The South Face of the Wedge is truly impressive: smooth granite walls baked by the sun, improbable looking roofs. This route was bold in its day and even with modern climbing gear is a climbing accomplishment. Originally called the South Face, Diagonal route, it is more commonly referred to by its nickname Shillelagh as is evidenced from the summit register.
P1, 5.9, 120 ft: Start up a right-facing chimney with a couple of large chock-stones to surmount. A crux section of 5.9 hand jamming gets you to a small tree with a backup nut in place for a belay. However, continuing up another 20 ft to a bit of an overhang provides a better protection from loose rocks. A 5.7 variation climbs a bushy ledge system about 100ft uphill from the original start and joins up at the Green Band.
P2, 5.8, 180ft: Continue up the chimney system and then the wooded corner/ledge which it turns into - the Green Band Ingraham describes. Climbing will ease of substantially once out of the chimney and traversing the Green Band.
P3, 5.6, 80ft: Go up a groove and then left on top edge of a flake so thin its existence alone demonstrates how rarely this route is climbed. Continue up the slabs to a ledge beneath the summit overhangs.
P4, 5.9+, 100ft: Climb through the beautiful summit overhangs, marveling at how the first ascentionists managed to get through these challenges. Two crux sections gain a large corner system where the climbing eases to 5.6 up to the top of the West Ridge.
P5, 5.8, 110ft: Finish up the final pitch of The West Ridge
This route is difficult to point out during the approach, because the first 2 pitches are hidden from sight by The Tooth
. Approach via the gully between the The Tooth
and The Wedge
which narrows down near a large dead tree. About 300 feet past the tree is a right-facing chimney just to the right of a large, blank slab.
The obvious landmark on the Wedge's South face is a tree-filled ledge high up on the face, commonly referred to by Dr. Ingraham as The Green Band. Shillelagh climbs up to the right side of the Green band and then up through a series of steep overlaps to gain the West ridge a pitch below the summit.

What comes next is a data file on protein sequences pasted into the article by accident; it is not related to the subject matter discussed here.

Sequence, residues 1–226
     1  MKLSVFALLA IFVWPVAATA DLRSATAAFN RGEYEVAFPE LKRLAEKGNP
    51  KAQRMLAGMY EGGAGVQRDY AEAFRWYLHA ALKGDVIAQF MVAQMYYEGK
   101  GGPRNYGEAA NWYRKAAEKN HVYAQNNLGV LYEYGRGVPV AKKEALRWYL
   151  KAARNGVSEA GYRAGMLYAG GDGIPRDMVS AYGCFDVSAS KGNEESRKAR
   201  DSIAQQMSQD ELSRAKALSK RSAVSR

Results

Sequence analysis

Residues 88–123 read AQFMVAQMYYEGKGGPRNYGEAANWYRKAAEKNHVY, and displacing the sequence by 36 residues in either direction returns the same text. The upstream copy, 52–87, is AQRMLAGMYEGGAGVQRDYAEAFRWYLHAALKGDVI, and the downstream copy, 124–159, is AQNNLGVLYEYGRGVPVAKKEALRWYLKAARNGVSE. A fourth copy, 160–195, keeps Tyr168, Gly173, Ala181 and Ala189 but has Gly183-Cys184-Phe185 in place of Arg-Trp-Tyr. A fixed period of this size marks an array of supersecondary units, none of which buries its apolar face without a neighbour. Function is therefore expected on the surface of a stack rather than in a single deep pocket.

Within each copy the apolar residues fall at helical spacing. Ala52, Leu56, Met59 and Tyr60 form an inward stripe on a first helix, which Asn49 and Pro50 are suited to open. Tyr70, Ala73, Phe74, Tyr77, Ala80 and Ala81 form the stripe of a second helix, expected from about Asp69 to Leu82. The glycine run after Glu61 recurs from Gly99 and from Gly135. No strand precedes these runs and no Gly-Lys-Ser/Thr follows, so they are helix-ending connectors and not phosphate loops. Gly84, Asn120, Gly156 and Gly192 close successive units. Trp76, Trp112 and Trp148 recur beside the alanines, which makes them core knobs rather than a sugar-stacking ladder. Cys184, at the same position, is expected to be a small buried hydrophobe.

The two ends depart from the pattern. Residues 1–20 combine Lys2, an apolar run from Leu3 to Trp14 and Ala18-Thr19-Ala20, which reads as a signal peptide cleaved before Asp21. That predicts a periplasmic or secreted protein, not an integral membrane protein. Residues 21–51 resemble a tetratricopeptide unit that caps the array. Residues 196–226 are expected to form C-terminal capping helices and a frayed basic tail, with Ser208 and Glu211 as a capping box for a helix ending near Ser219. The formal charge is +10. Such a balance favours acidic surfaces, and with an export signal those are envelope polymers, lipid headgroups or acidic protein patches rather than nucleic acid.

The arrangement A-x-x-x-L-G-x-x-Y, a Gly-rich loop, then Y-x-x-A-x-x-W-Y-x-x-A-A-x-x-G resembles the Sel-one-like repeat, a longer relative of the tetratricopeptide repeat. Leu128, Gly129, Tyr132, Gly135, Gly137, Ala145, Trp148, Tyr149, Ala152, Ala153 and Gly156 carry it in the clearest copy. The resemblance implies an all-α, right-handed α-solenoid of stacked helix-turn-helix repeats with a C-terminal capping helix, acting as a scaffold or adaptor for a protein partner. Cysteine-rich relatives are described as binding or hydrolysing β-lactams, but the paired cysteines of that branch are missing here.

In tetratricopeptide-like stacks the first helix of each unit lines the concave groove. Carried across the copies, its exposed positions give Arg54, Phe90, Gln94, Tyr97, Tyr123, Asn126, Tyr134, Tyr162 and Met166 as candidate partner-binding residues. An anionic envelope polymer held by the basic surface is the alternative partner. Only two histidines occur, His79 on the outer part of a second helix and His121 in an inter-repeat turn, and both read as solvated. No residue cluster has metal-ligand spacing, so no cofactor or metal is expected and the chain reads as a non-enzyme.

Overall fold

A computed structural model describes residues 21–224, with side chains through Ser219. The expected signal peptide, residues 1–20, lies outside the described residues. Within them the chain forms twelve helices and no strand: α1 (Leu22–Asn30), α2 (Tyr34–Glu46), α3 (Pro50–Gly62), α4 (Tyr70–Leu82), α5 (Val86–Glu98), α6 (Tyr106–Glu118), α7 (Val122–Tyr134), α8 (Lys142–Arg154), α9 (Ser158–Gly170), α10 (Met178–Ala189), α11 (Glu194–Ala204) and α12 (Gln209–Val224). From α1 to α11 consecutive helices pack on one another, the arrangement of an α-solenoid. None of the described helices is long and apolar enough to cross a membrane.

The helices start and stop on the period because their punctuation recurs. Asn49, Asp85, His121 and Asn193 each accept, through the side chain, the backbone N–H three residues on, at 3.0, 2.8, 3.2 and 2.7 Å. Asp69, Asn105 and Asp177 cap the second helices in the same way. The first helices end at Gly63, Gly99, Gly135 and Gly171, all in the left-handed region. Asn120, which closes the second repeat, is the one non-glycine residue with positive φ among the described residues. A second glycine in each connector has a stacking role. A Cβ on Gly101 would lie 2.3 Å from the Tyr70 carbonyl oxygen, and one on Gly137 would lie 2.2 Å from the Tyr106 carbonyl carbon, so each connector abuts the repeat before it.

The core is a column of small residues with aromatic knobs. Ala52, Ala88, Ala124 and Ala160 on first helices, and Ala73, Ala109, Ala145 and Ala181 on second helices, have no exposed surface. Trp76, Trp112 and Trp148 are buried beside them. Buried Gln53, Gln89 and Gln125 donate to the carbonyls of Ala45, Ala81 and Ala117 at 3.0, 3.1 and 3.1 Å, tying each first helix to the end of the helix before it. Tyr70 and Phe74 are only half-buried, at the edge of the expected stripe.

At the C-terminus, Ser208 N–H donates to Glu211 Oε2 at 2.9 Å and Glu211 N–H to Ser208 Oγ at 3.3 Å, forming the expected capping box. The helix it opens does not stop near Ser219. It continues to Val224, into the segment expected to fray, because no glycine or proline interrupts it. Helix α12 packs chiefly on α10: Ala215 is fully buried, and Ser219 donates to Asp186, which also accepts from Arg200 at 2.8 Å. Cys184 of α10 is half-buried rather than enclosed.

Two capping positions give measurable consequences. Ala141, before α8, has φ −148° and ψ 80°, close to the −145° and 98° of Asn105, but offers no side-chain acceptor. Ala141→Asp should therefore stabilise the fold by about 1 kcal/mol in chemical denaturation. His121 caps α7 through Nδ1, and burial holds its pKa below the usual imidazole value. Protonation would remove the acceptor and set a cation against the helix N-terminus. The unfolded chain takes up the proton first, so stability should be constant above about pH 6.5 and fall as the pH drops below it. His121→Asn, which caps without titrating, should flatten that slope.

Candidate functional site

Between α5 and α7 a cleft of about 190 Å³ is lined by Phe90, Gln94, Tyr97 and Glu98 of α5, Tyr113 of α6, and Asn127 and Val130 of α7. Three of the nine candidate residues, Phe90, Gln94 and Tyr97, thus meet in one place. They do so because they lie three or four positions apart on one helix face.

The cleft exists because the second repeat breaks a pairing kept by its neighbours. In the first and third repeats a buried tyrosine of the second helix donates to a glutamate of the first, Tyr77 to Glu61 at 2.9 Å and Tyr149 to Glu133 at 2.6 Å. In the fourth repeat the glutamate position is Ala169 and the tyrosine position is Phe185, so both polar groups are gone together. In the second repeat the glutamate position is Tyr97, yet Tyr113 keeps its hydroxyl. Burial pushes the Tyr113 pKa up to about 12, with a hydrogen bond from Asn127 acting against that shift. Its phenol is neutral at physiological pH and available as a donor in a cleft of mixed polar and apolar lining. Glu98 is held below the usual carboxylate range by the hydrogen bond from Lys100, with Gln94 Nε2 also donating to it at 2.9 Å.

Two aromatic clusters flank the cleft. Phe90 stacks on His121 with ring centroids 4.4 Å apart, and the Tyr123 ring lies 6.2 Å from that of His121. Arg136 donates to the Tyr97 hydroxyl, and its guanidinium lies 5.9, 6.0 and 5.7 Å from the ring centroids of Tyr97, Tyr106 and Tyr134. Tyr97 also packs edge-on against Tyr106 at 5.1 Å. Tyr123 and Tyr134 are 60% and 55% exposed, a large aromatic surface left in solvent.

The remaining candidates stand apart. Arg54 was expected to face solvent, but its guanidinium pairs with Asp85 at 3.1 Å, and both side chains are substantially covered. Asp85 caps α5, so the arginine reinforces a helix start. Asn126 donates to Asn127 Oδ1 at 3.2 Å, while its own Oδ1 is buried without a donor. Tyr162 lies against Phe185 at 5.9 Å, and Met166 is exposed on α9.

Approach and descent require a good deal of scrambling ability and bushwhacking.
On the first ascent, a Shillelagh (wooden stick) was used to get past the summit overhangs. Nowadays, a few large cams (#4 friend) are all you need. Even so, there are two old 1/4" bolts on the crux pitch, but there are good placements below and above these so there is really no excuse to rely on them.
Many of the trees along the route have poot slings and rappel gear and you can rappel the route easily until you pass the crux pitch, at which point you're better off finishing the route.
By Bill Lawry
From: New Mexico
Oct 22, 2012
Climbed this today with franciscov. It's a great route. Some comments ...
P1: The tree at the end of this pitch is small and offers a kind of hanging belay (with supplemental gear).
P2's It is possible to go left from the little tree on P1 up a grassy corner. It is probably around 5.9. Leave the 4" piece and bring a 5" instead if going this way.
P3: If you put the belay as high as practical in the treed vegetation, a 60 meter rope will just reach to the West Ridge on P4 with care about rope drag.
P4: Jackson's "Rock Climbing NM" guide gives more detail if unsure about route finding skills or expecting to be short on time.
By Alex Ch
From: Fairfield, CT
Nov 21, 2015
5 miles and 3,000 feet of elevation on the approach. It took us 4 hours, as both of us were new to the area. Lots of bushwhacking through prickers, a good amount of wet slab. Actually quite dangerous unless we really just fucked up and picked an unfavorable path. Climbing was stellar, but would want to go back with a local next time.
By Bill Lawry
From: New Mexico
Nov 22, 2015
Sounds like the description of the approach we took, Alex.